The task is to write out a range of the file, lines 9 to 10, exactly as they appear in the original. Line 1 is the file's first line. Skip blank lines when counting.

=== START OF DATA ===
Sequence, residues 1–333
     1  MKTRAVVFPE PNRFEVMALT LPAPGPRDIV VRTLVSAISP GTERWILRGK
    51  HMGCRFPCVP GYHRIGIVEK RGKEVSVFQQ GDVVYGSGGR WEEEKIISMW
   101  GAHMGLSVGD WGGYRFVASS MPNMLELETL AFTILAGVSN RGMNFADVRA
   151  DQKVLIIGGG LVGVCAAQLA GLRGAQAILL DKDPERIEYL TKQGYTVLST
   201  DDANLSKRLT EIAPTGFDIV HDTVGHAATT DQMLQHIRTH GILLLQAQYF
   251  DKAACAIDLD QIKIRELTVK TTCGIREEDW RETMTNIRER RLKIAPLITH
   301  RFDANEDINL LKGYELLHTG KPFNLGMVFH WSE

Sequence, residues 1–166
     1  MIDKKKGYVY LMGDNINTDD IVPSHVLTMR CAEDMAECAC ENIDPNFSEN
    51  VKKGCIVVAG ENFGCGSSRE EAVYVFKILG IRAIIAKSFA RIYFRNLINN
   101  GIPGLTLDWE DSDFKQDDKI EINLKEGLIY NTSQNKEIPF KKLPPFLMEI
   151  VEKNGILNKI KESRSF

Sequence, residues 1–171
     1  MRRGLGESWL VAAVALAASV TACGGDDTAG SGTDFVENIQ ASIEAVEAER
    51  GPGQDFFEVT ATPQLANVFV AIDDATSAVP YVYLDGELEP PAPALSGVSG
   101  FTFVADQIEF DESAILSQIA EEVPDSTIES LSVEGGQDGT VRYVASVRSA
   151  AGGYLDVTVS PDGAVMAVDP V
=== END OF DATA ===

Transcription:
Sequence, residues 1–166
     1  MIDKKKGYVY LMGDNINTDD IVPSHVLTMR CAEDMAECAC ENIDPNFSEN